Tie Jun Cui and Qiang Cheng at the Southeast University in Nanjing, China, have built a "black hole" for microwave frequencies. The device may soon be extended to trap visible light, leading to an entirely new way of harvesting solar energy to generate electricity.
The electromagnetic "black hole" is made of 60 annular strips of so-called "meta-materials", which has previously been used to make invisibility cloaks. Each strip takes the form of a circuit board etched with intricate structures whose characteristics change progressively from one strip to the next. The outer 40 strips make up the shell and the inner 20 strips make up the absorber.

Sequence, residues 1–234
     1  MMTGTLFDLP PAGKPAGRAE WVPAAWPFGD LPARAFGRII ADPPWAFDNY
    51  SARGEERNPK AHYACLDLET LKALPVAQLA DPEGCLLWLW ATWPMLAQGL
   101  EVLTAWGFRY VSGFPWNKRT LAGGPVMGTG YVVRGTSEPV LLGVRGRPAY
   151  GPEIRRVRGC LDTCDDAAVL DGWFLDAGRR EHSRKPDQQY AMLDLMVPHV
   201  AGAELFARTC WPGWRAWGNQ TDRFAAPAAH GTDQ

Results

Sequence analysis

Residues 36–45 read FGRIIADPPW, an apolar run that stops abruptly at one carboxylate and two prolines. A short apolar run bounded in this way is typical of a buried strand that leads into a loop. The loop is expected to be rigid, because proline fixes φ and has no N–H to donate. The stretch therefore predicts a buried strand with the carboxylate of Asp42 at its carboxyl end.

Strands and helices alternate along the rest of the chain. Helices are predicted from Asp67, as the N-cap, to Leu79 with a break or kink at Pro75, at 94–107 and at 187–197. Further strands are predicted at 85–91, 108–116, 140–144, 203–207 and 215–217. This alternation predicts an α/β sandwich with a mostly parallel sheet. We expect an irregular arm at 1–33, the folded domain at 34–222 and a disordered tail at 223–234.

The structure makes ectromagnetic radiation curve inwards in a way which is analogous to the curvature of space-time near a black hole. At the point where the shell meets the core, the "permittivity" of the ring matches that of the core, so that light is absorbed rather than reflected.
"When the incident electromagnetic wave hits the device, the wave will be trapped and guided in the shell region towards the core of the black hole, and will then be absorbed by the core," says Jun Cui. "The wave will not come out from the black hole." The core converts the absorbed radiation into heat.
The researchers believe that they will be able to demonstrate an optical version of their device before the end of 2009.
An optical "black hole" would suck it in light and direct it at a solar cell sitting at the core, eliminating the need for large mirrors.